The allure of an IPO can be intoxicating. A glitzy, new company is headed to the market for the first time, you get in on the ground floor, and suddenly you’re rich…right? In reality, IPOs are a bit more complicated, requiring research and understanding to make sure investing in them is the right choice.
From Private to Public, What is an IPO?
An initial public offering, or IPO, is the first time that shares of a company are offered for sale to tsofihe public. Before the IPO, the company is considered to be private. There may still be shareholders, but it is often a relatively small circle that may include founders, early employees, or even private investors such as venture capitalists.
Theoretically, outsiders can invest in a company while it’s private, but to do so means approaching the company directly. At this point, the company is not obligated to sell shares and can reject an investment offer.
For the most part, companies that choose to remain private are small or medium-sized companies, though there are some large companies—such as Mars Wrigley Confectionery, manufacturer of M&M’s, Milky Way, and Twix—that have famously remained in private hands.
Once an IPO occurs, company stock is listed on a stock exchange and is available for anyone to buy. At this point, companies can no longer choose who their investors are.
IPOs often occur with much fanfare. Companies whose stocks are listed on the New York Stock Exchange for the first time may be invited to celebrate in a ceremonial opening of the stock market on the day of their IPO. Often the company rings the opening bell that signals the start of the day’s trading.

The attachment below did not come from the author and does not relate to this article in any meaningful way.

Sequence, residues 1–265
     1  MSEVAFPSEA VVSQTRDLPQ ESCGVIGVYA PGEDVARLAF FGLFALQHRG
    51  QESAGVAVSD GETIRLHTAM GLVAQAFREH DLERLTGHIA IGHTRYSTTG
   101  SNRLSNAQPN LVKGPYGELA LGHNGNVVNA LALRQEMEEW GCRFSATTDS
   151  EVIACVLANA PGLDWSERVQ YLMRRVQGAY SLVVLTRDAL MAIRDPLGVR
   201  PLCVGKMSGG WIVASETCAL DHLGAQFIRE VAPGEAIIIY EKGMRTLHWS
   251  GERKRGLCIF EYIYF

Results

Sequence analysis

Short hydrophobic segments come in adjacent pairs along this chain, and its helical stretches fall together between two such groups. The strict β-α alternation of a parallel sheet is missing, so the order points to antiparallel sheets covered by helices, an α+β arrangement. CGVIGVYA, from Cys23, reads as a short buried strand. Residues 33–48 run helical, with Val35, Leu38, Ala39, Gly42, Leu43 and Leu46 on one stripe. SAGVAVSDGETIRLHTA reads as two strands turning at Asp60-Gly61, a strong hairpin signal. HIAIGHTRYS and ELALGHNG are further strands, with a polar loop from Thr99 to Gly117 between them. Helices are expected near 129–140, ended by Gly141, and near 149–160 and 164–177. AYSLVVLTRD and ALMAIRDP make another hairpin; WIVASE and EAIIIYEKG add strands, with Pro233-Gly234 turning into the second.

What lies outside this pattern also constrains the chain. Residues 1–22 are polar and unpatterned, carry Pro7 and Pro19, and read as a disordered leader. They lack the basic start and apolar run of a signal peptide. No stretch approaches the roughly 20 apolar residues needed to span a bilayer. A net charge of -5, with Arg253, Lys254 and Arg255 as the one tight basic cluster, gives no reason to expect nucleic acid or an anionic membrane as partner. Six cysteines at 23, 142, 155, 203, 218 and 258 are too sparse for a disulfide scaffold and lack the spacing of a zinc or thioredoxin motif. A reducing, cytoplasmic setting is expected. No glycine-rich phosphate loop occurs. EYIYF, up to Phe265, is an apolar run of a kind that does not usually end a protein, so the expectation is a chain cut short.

Why Have an IPO?
Private companies enjoy a lot of benefits. Among the two largest benefits are the fact that companies can choose exactly who invests in them, and they don’t have to report to a large pool of investors. What’s more, they don’t have to report a lot of financial information to the Securities and Exchange Commission (SEC), which requires annual reports and auditing.
However, companies may hit a ceiling when it comes to how much private capital they can raise, and an IPO can give them access to large sums that can help them continue growing. Consider the IPO of Chinese e-commerce company Alibaba, one of the largest IPOs ever.
Their initial public offering in 2014 raised a staggering $21.8 billion dollars . In its 2012 IPO, Facebook raised $16 billion dollars . Not every company can expect such a showing, yet the potential for a huge boost in capital can be enough to make many companies want to go public.
If demand increases for shares, companies can issue more shares in a secondary offering. These can occur when a large stakeholder in the company sells their shares, which doesn’t dilute the existing pool of stocks available on the market. Or a company can create all new shares, which raises the overall number available and can result in a drop in share price.
Understanding IPO Price Vs. Opening Price
The IPO price is the price at which shares of a company are set before they are sold on a stock exchange. As soon as markets open and the stock is actively traded, that price begins to go up or down depending on consumer demand. This is the opening price, and it can change quickly.
If there is a lot of demand for the stock, the price can immediately jump well above the IPO price. And it’s also possible that prices can fall if there’s little demand. Not everyone has the ability to buy shares at the IPO price. To understand who does, let’s take a deeper look at how IPOs usually work.
When a company wants to go public, they typically hire an underwriter—an investment bank—that structures the IPO and drums up interest among investors. The underwriter acquires shares of the company and sets a price for them based on how much money the company wants to raise and how much demand they think there is for the stock.
At this point, the underwriter will likely offer IPO shares to its institutional clients, and it may reserve some for other people close to the company. The company wants these initial shareholders to remain invested for the long-term and tries to avoid allocating to investors who may want to sell right after the Day 1 pop.